Video Relay Services are services provided for the community. It has been under scrutiny and a lot of these issues are not only impacting people that use the services but those that also provide the services. Many dialogues that have been opened by the community have missed some important issues such as how will the FCC reform impact video interpreters. That was the main topic of Convo Relay’s #OpenChatConvo that they hosted on October 29, 2014 at 5:30PM EST. For those that missed the chat, they have the video transcript up on their website.
There was a panel present and spearheaded by Jeff Rosen. The members of the panel were: Azora Telford, Convo VP of Interpreting; Julie Schafer, Director of Public Policy and Advocacy at Registry of Interpreters for the Deaf; and Betty Colonomos, Director at Bilingual Mediation Center. With the panel, they opened discussion first then allowed people to ask questions by calling in, posting on facebook and twitter with #OpenChatConvo as a hashtag. While the chat was happening, Convo also kept the audience updated on what was said by live-tweeting the conversation highlighting important points of the discussion.
A great emphasis on communication initiated the discussion by talking about some issues with the system in place. While individuals are fully aware that they can request a female interpreter or a male interpreter, they don’t realize that if there are some issues with the interpreter, they are allowed to transfer to a different interpreter. Now, with the issue of interpreters being hard to understand, it leads to the importance of qualified interpreters providing the service. FCC has not allowed two things: requiring certification for interpreters to interpret VRS calls (rejected in June of 2013), and allowing the company to choose specialized interpreters for specialized conversations (i.e. medical, legal, etc.) With the cuts in rates, there have been some concerns about the quality of interpreters and whether they will be affected.
What FCC doesn’t realize is that while they have been cutting rates and cutting wait time allowed, that is affecting the ability of the interpreter to be consistent with services. Some calls that individuals make are difficult including death of a family member or facing jail time. While the conversation does not directly affect the interpreter, it can still impact the interpreter’s mental well-being because they have only 10-15 seconds to recuperate from that call and proceed to the next call (This is a trend caused by rate cutting by the FCC). The quality of interpreters also is an issue because of lack of funds to pay for interpreting training. This means that interpreters are not being given incentive to improve or become the best, those opportunities are taken away because of funding. Not only will training/quality of interpreters possibly decrease, it can have the opposite effect on resource development.
What many people forget is that interpreters are an human element in the telecommunications industry and when FCC is not sensitive to that, they are forgetting one of the most important aspects. VRS would not exist without interpreters. Azora mentioned that Convo will continue to seek out qualified interpreters and fight for their needs. These issues are important and need to be dealt with by the community as well not just VRS providers and RID. Julie believes that FCC has no regard for linguistics by not consulting individuals that are actually involved in the process rather than overseeing the process as a whole.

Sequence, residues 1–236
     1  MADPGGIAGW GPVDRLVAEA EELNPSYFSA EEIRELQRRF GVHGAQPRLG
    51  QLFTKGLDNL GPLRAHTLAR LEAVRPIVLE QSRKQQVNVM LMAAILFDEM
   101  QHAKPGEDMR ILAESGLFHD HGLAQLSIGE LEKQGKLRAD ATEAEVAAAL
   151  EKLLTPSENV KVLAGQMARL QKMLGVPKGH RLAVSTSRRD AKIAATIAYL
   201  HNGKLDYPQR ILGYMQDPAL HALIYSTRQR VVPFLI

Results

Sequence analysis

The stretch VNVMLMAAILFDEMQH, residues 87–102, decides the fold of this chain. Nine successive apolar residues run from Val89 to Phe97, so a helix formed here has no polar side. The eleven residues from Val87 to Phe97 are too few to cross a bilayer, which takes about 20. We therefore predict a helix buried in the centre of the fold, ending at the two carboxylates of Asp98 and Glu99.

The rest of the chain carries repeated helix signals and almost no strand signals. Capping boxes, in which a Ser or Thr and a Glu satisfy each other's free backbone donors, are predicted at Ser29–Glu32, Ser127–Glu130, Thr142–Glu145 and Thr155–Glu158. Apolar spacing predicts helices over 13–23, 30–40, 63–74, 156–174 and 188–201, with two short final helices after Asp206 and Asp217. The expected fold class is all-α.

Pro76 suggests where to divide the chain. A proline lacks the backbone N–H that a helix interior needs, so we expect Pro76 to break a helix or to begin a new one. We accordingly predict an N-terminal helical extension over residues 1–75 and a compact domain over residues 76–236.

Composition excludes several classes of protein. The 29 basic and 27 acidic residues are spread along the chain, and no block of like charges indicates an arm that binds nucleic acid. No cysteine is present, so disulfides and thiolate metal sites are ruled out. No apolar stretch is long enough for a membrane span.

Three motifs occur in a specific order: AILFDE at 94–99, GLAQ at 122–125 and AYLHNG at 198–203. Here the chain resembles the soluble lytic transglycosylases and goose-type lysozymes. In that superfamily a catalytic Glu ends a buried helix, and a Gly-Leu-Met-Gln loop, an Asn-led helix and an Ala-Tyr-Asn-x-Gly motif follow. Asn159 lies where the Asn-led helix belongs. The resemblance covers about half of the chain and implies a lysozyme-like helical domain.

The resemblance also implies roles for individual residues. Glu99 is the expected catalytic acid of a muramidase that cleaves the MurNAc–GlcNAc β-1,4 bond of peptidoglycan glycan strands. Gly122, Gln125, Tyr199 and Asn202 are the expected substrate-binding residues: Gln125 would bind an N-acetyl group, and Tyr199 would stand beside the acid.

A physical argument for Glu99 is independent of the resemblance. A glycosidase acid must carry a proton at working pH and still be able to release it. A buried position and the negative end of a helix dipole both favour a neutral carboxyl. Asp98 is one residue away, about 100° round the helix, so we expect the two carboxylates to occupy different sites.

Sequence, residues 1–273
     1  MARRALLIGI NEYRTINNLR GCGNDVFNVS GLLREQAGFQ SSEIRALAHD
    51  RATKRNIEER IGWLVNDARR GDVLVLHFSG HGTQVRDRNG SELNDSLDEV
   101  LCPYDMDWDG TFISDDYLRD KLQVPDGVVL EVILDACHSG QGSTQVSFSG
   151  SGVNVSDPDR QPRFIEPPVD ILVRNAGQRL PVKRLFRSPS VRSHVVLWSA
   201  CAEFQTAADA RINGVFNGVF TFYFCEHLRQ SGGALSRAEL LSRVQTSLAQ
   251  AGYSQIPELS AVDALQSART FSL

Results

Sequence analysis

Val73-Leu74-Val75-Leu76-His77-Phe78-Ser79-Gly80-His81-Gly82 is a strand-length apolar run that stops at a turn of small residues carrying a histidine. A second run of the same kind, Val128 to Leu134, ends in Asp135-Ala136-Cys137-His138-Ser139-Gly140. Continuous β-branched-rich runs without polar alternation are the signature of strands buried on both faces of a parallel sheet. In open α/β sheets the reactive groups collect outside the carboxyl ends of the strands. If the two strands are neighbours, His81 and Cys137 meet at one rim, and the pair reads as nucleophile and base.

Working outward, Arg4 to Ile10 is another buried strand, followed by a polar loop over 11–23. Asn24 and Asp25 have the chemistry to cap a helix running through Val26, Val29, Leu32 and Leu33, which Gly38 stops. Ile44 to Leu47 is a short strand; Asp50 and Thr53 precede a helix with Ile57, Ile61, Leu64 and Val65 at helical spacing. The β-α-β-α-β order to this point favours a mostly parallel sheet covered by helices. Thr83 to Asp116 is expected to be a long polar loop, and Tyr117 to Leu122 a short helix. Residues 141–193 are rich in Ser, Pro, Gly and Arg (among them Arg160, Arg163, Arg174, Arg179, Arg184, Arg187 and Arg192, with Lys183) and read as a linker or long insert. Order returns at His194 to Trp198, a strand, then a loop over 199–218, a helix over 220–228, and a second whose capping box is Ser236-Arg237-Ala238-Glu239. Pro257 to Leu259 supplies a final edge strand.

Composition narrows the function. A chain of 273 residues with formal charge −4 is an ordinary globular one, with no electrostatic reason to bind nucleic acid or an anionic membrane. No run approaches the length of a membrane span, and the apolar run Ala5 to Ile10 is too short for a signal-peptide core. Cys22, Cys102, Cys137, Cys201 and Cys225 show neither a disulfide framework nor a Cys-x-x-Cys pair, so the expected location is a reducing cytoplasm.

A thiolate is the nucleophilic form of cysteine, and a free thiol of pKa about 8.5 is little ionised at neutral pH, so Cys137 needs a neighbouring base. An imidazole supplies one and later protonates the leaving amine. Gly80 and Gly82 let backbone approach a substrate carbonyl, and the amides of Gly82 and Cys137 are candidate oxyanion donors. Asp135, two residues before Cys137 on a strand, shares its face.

With the understanding of community interpreting being different than Video interpreting, one essential service that is lacking is the allowance to use CDIs (Certified Deaf Interpreters). For those that don’t understand the importanace of CDIs, that doesn’t seem to be an issue but with the growth of CDI services being retained, the need for their services is increasing. Is that an issue in VRS? Yes, the VRS rate does not cover the use CDIs on site so that’s another service that the community misses with VRS.
RID has several research publications that focus on video relay interpreter stress levels. Research and Development for interpreters is a must and is not seen that way. Some things that research has shown (a research study by some Gallaudet students) includes interpreter stress comes from being burnt out, the speed of calls, and dealing with fear calls such as 911 dispatch. If members of this community want to continue to see qualified interpreters take their calls and provide top-tiered service, they need to be telling FCC about their issues or conerns. There has been no real feedback from the community so FCC is basically going into this blind. The panel agreed that linguistics rights equal human rights so these phone calls the community is able to make with an video relay interpreter is not a social program (such as welfare) it is something that people pay for with their tax money.
RID is pulling together a VRS Policy Statement Taskforce. They will be working on a position statement and RID wants to hear from consumers. FCC has also initiated an ASL contact line. The community needs to be using it to provide information to FCC. Educating FCC has been done through regular meetings with RID but not enough complaints are being filed. The panel has ended their discussion asking the community to please share their experience with VRS. Everybody needs to work together to reach the goal of this program becoming as effective as possible without cutting corners. Not only consumers but interpreters need to be also filing complaints with FCC.
Don’t forget these important things: people need to remember that human rights (full communication access) are a need not a want. It is okay to be thankful for the service but it shouldn’t be a question of whether the service is provided or not.